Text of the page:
Local women on Amantani island
Local women on Amantani island
I spend the night on a bigger island (not floating) called Amantani. We had a home stay. I was privileged enough to stay in the home of the local Chief.
To welcome us, all the women of the island wore the local costume. Prices charged varied depending which travel agent you used, but the locals gets only $6 per night per person. Food is included.
Before leaving the mainland, I bought some fresh fruits, which cannot be found on the island . As a 'thank you' I gave these fruits to the wife of the Chief.
I helped the lady of the house prepare the dinner by peeling the potatoes (over 600 varieties in Peru). The familly uses a small wood oven made of clay. It was nice sharing dinner with the familly. You truly experience their lifstyle for one day. The only problem was that I did not speak Quecha, and could barely speak Spanish, so communication was difficult but sign language was perfect!

View from the top of Amantani island at sunset.
View from the top of Amantani island at sunset.
In the evening the family took us dancing in the local village hall. It was difficult to dance to Andean music at this altitude! We were all dressed up as the locals, the men in ponchos and the ladies wearing the local costume.
Obviouly there was no clubs on the floating islands as they are too small.

Another Uros Island
Another Uros Island
No pubs around here. However, on Amantani Island on the way to the top of the hill to access Pachamama temple, a small shop was selling beer.
All the locals seems to hang around at the football pitch half way up the island. No need to say that the locals have beaten us!

View of Taquile island from the boat.
View of Taquile island from the boat.
The food provided by the familly was very delicious. On Taquile, the other main island on the lake a few miles away ,there was a restaurant.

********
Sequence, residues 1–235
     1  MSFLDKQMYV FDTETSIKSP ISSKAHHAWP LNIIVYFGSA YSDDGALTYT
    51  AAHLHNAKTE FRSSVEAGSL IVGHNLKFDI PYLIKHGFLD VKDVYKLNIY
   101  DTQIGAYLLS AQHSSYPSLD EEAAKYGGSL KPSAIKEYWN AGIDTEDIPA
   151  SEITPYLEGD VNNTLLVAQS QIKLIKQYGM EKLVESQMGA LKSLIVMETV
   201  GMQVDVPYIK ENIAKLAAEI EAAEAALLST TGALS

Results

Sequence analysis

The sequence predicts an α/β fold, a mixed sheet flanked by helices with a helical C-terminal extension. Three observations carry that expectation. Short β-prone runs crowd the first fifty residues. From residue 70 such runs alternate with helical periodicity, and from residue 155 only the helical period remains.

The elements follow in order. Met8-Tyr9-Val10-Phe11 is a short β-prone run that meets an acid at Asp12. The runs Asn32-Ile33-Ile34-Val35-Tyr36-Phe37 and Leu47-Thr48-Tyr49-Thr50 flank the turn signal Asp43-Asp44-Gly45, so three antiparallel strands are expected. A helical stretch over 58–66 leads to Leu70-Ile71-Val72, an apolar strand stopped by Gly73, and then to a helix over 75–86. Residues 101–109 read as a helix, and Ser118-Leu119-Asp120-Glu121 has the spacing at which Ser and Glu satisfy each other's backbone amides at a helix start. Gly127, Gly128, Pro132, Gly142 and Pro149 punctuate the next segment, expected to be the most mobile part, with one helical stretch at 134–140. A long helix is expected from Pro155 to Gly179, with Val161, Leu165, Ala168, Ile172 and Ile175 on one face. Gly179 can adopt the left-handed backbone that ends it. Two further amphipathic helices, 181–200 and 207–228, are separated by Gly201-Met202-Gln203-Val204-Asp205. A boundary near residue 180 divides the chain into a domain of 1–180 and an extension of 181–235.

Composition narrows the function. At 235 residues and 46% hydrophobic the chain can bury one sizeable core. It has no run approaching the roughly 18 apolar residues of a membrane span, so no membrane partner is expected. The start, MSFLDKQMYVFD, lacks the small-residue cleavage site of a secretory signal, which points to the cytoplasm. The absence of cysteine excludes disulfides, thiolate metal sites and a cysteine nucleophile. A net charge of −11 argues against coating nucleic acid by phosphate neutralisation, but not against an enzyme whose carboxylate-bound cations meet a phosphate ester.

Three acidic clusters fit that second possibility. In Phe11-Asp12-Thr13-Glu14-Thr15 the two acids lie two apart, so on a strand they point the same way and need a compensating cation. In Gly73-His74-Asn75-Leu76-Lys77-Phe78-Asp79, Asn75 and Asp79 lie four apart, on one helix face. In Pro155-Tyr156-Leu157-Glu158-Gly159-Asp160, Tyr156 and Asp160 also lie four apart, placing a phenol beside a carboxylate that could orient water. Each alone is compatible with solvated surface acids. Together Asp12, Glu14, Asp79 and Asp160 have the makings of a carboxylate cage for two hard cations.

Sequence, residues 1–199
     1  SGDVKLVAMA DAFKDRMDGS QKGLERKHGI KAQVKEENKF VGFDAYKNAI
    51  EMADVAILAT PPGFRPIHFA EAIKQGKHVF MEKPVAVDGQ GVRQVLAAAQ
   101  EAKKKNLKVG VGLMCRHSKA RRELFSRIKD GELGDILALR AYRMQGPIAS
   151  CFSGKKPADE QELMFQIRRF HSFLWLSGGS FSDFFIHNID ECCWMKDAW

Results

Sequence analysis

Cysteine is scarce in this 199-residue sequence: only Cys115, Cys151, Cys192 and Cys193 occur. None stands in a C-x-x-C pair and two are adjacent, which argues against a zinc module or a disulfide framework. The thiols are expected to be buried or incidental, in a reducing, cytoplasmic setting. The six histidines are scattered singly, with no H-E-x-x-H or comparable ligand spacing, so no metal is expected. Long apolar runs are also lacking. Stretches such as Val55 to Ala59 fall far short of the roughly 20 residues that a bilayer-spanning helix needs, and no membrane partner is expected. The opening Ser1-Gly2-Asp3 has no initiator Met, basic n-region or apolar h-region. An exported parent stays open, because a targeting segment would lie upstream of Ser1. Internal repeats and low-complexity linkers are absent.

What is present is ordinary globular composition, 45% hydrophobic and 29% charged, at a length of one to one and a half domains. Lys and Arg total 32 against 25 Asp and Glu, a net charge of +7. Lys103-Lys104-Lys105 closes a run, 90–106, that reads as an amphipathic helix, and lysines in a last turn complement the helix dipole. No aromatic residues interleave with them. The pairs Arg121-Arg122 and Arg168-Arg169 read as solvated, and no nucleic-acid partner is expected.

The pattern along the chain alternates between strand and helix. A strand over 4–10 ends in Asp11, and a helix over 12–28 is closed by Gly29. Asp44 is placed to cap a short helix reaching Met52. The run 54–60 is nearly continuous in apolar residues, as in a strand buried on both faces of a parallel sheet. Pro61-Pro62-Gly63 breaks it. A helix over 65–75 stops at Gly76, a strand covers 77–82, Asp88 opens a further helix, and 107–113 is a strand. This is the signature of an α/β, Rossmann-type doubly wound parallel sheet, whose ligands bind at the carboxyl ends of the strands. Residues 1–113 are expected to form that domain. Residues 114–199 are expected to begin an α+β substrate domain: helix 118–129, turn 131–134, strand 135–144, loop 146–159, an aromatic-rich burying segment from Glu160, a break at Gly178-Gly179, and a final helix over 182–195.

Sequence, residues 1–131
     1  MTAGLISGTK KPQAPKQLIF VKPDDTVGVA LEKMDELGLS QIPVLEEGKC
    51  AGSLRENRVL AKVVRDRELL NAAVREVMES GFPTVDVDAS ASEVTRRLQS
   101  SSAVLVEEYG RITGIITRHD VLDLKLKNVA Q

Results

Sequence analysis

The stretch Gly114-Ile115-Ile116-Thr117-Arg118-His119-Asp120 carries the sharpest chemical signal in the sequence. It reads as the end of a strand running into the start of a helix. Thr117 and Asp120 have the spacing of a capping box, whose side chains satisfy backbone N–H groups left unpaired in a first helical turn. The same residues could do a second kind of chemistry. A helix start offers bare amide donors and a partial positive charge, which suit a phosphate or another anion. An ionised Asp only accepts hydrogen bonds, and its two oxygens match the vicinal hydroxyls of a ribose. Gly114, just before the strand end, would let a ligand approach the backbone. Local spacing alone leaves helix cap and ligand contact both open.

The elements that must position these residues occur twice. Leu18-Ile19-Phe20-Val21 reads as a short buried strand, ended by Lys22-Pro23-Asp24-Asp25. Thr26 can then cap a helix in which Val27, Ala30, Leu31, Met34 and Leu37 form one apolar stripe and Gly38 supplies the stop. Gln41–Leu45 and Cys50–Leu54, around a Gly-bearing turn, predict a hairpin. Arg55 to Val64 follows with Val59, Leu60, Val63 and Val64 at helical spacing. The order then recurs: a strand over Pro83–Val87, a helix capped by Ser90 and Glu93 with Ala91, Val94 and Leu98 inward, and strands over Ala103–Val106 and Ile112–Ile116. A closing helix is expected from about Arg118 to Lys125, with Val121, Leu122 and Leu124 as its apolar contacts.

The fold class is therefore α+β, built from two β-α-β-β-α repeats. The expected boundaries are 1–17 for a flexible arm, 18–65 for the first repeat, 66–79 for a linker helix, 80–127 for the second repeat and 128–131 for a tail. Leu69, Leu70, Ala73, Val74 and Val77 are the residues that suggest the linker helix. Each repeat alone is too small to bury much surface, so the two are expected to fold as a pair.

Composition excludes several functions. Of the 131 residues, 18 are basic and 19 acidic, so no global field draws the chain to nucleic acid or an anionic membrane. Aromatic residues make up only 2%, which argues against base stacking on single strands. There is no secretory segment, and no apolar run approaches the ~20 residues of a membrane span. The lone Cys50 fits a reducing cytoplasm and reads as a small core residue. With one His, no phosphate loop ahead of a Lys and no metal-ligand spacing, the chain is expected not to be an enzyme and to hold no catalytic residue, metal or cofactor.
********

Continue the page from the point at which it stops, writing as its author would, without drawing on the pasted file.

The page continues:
Other recommendations:
Church of Taquile's Plaza.
Church of Taquile's Plaza.
Taquile Island is about an hour by boat from Amantani. The island is about 45 Km. from Puno. The island is about 1Km. wide and about 7 Km. long. It was more popular with tourists. There is a nice gentle walk between the harbour and the main village. All men and women wear the traditional costume. There is a co-operative shop on the plaza selling woollen articles (hats, jumpers, bags..). They might be more expensive than in Puno but the quality is exceptional. Taquile was very attractive with more wild flowers to be seen.

Published on Friday January 27th, 2006

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Wed, Feb 28 2007 - 10:04 PM rating by antonioagui

Great report, made me feel like arriving there tomorrow!

Wed, Feb 21 2007 - 05:25 PM rating by travler

Super report. No one took me dancing when I was here. I'm amazed you could do anything here because of the altitude.

Thu, Feb 02 2006 - 12:21 AM rating by ehs1193

Makes me want to go there.

Mon, Jan 30 2006 - 02:05 AM rating by ravinderkumarsi

excellent report

Sat, Jan 28 2006 - 05:06 PM rating by mamielle

encore un super reportage ! bravo ! c'est vivant et interressant

Sat, Jan 28 2006 - 01:09 PM rating by mortimer

Interesting read and good informations, thank you for sharing :-)

Sat, Jan 28 2006 - 12:19 PM rating by rangutan

Far beyound the quick tourist stop I made there, this is an excellent and perfect travel report of a special and adventurous destination. Most of us (specially me) dream of writing reports like this!

Sat, Jan 28 2006 - 08:45 AM rating by davidx

This is so full of information that I find it hard to believe I was on the same trip with you! PLEASE don't make me wait too long for the ones where you went and I didn't - the Inca Trail and the jungle. A really great report!